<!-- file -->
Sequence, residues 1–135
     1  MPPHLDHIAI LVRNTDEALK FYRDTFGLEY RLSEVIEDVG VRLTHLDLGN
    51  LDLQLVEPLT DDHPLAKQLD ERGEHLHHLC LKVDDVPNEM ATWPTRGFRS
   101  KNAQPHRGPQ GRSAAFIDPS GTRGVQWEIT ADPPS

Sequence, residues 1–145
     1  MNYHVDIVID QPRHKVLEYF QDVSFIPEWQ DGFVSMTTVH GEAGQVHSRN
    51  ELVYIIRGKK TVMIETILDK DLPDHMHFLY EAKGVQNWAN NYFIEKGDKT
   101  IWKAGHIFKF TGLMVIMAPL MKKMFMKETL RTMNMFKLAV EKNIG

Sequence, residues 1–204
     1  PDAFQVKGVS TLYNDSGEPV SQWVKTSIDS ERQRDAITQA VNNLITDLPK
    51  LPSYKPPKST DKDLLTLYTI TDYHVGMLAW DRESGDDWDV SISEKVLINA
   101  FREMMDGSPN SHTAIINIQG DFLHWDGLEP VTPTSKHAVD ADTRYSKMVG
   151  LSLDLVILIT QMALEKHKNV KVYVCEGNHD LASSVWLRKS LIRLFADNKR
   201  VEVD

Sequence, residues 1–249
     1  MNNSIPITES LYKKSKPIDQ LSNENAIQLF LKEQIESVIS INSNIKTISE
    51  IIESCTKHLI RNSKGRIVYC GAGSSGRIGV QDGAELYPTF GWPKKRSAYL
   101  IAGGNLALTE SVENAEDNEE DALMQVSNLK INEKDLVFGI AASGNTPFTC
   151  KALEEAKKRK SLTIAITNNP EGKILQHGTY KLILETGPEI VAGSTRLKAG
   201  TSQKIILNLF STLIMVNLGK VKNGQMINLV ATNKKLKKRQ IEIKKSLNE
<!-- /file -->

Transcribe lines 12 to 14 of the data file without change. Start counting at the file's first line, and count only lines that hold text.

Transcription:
   101  FREMMDGSPN SHTAIINIQG DFLHWDGLEP VTPTSKHAVD ADTRYSKMVG
   151  LSLDLVILIT QMALEKHKNV KVYVCEGNHD LASSVWLRKS LIRLFADNKR
   201  VEVD